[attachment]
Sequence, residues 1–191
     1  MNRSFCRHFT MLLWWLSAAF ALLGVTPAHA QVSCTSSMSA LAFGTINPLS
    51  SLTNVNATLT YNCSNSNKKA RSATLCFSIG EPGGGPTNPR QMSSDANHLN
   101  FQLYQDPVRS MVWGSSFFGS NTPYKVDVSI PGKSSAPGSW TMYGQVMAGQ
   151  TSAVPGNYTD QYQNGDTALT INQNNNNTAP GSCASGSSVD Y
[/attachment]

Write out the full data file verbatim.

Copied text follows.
Sequence, residues 1–191
     1  MNRSFCRHFT MLLWWLSAAF ALLGVTPAHA QVSCTSSMSA LAFGTINPLS
    51  SLTNVNATLT YNCSNSNKKA RSATLCFSIG EPGGGPTNPR QMSSDANHLN
   101  FQLYQDPVRS MVWGSSFFGS NTPYKVDVSI PGKSSAPGSW TMYGQVMAGQ
   151  TSAVPGNYTD QYQNGDTALT INQNNNNTAP GSCASGSSVD Y